The head of the epidemiology of infectious diseases at Imperial College London also remembers that facilitating access to vaccines is not just about donating preventative formulas. “Ensuring equitable access to vaccines is critical, but it requires more than just donating vaccines. Improvements in distribution and infrastructure are needed, as well as coordinated efforts to combat misinformation and improve demand. Only then can we ensure that everyone has the opportunity to benefit from these technologies. Lifesaving,” he says.

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Alison Galvani agrees. “Being able to save more than 19 million lives through the unprecedented speed of developing and deploying Covid-19 vaccines is an extraordinary global health feat. However, millions of additional lives could be saved through the more equitable distribution of vaccines.” American expert.

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    (Credit: PIUS UTOMI EKPEI)

Credit: PIUS UTOMI EKPEI

Estimating the global impact of the COVID-19 vaccination has been a challenge for the team of scientists at Imperial College London. Gregory Barnsley, co-author of the study, says it was necessary to consider factors such as the circulation of novel coronavirus variants in each country, under-reporting of deaths and changes in the effect of the vaccine over the time analyzed.

According to the study, for example, in the first half of 2021, the largest number of vaccine-prevented deaths occurred in low-middle-income countries, as a result of the large epidemic wave in India with the emergence of the delta variant. Then, in the second half of the year, the most concentrated impact shifted to higher-income areas. This, in the assessment of the British team, is due to travel restrictions and the easing of isolation measures in other parts of the world, which facilitates the transmission of the virus.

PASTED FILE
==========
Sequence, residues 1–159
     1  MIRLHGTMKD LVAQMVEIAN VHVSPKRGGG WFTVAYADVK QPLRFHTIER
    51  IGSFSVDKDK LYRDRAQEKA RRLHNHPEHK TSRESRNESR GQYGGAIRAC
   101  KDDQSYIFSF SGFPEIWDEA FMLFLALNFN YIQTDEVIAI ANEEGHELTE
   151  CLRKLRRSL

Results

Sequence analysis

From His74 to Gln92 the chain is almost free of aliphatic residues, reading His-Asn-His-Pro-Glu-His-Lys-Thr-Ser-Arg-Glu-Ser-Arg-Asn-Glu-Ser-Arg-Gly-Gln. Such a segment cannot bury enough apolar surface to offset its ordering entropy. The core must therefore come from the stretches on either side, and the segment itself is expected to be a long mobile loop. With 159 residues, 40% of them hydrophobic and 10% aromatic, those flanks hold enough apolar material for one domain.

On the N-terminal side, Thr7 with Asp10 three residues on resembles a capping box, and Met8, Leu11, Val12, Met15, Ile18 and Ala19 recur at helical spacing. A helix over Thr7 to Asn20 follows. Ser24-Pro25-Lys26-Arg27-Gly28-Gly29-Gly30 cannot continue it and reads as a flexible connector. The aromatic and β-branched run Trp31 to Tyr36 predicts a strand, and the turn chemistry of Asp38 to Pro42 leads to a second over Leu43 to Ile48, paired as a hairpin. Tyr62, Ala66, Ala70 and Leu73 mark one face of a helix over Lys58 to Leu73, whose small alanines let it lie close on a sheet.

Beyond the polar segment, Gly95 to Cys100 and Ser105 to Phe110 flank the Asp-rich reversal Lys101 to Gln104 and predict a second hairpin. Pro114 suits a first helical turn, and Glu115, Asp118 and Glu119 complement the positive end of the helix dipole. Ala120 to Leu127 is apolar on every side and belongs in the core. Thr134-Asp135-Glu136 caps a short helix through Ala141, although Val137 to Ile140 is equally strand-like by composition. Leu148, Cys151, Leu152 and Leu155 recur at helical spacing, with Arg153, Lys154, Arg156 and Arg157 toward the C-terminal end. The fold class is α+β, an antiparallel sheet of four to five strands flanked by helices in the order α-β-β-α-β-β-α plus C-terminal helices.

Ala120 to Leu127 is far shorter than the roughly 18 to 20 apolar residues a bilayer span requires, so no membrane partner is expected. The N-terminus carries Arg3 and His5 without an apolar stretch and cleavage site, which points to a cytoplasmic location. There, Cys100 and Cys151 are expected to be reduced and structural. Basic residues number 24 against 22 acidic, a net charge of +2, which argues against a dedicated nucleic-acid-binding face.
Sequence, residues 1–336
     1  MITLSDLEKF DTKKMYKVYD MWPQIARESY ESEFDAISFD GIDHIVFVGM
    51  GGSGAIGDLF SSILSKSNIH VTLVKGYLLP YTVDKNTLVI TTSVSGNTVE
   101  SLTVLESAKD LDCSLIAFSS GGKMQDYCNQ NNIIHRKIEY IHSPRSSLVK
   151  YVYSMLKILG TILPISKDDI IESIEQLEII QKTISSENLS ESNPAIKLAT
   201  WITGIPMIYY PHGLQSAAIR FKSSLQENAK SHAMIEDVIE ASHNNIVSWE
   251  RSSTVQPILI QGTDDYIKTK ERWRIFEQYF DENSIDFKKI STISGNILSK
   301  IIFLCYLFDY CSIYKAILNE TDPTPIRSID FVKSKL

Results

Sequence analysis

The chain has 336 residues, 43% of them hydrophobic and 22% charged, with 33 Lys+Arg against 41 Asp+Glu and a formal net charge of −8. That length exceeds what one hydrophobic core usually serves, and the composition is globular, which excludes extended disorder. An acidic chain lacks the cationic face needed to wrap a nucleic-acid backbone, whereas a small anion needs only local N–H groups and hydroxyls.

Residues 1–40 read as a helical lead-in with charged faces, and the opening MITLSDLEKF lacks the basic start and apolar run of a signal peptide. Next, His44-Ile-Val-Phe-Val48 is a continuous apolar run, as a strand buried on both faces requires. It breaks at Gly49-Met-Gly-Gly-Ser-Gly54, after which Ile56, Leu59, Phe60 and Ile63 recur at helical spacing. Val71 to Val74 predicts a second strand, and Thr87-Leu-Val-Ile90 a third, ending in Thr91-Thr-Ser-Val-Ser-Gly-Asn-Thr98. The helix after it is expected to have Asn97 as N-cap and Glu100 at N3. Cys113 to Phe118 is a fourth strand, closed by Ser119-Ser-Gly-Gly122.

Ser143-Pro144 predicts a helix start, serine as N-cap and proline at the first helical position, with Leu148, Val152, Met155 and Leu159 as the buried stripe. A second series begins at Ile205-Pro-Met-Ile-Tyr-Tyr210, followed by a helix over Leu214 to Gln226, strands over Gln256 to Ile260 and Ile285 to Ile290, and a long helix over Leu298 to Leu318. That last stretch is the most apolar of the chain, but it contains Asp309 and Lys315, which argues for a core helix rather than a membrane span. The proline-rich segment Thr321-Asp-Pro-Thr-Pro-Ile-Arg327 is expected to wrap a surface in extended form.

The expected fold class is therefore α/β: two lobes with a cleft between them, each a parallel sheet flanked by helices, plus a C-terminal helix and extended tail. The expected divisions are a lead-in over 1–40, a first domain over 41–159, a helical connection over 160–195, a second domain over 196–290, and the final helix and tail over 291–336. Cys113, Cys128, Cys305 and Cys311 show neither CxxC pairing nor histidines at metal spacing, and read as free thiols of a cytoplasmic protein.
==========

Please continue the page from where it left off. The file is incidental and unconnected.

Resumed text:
The team also made geographic reductions taking into account the failure to meet the initial goals of protecting the most vulnerable populations – the World Health Organization (WHO) estimates that, as of the end of last year, two doses of vaccines have been applied in 20% of the population of countries served by the Kovacs Initiative. The analysis showed that Africans were the most affected.

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From December 8, 2020 to December 8, 2021, an additional 156,900 deaths were recorded worldwide for not achieving this goal. These avoidable deaths were concentrated in 31 African countries, where 132,700 deaths – 84.5% of the estimated total – would not have occurred if the target had been reached.

In another analysis group, the British ranked global deaths averted. More than three-quarters (79%) are due to the direct protection that vaccines provide against severe symptoms caused by infection with the new coronavirus. The remaining deaths (21%) refer to what scientists call indirect protection due to reduced transmission of the virus in the population and the consequent reduced burden on health systems, thus improving access to medical care for the patients most in need. (CS)

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About the Author: Camelia Kirk

"Friendly zombie guru. Avid pop culture scholar. Freelance travel geek. Wannabe troublemaker. Coffee specialist."